Or do things the hard way. In theory, and I know there will be very dedicated players who will argue this, you can avoid paying extra money by simply improving your player organically. VC is awarded in other ways, mostly through game performance, so it’s definitely possible to start from the bottom and work your way to the top purely through playing your way there, even if it takes months.
But the higher your stats get, the more VC improving them costs, so where it might initially only take a few games to move up a point, it can later take days or even weeks.
And while loads of people are willing to do this, are we really even having this conversation right now? This kind of rationale is mobile game shit, the kind of odious formula work that you expect to see from something like Mobile Strike, not a major home console title.
Yet that’s exactly how 2K19 presents itself. Even after taking all that criticism last year, even after making a very clear “apology” for a barbershop miscalculation, the foundations of this series’ economy are still built atop a bedrock of utterly gross game design.
2K19 is like a free-to-play mobile game, a predatory experience where the game is always shaking you down for your lunch money, even after you’ve already given it $US50 ($70). To play 2K19 is to be in a constant state of denial and refusal, always aware that in every aspect of the game, from the gyms to the stores to the action on the court itself, you can either spend VC or be told that you’re missing out on something.
It is not fun to be around.
And all of this is before I even get to the game’s overt use of advertising and sponsorship, which I know isn’t directly related to microtransactions, but is related to the overall sensation of “this game is gross to be around”.
There is advertising across all sports games, it’s an inescapable part of the experience, if only because the actual sports these games are simulating are full of ads! But 2K goes way beyond anything EA does in FIFA or Madden, from its sponsored stores to the way brands are so integral to the singleplayer MyCareer experience.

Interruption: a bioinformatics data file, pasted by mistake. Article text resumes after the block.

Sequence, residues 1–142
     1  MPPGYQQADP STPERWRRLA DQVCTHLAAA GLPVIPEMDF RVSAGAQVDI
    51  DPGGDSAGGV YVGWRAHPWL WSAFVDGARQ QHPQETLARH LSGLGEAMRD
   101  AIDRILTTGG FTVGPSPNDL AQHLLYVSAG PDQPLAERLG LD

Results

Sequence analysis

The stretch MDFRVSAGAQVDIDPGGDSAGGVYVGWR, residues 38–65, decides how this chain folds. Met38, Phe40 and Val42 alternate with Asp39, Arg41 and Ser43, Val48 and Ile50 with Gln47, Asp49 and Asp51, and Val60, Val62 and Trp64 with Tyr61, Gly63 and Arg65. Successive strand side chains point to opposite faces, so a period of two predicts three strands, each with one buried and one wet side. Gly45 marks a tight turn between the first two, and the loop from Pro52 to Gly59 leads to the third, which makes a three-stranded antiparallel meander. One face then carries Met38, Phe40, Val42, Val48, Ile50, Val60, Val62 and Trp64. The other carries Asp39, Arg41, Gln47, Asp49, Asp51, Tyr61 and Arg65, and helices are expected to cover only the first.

I just talked some shit about mobile games, but at least they’d reward me for having to sit through an ad:
I just don’t get it. There are plenty of other sports games on the market, some of them even outselling 2K, and they’re nowhere near as abrasive or offensive with their thirst for cash.
FIFA and Madden make millions on digital card sales, but have quarantined that behind a game mode that anyone wanting to play singleplayer will never have to even see.
And so with FIFA, despite the series’ own problems, I still find myself looking forward to it each season, eager to see if the ball physics have been made more realistic, if player animation has become smoother, if crowds have become livelier. And because it’s almost entirely devoid of microtransaction panhandling, I’m really looking forward to the conclusion of FIFA’s excellent singleplayer story arc this year.
But with 2K, instead of approaching a new entry in the series with optimism, I now find myself dreading each new season, wondering what fresh new commercial hell I’m going to have to be subjected to just to play some games of basketball.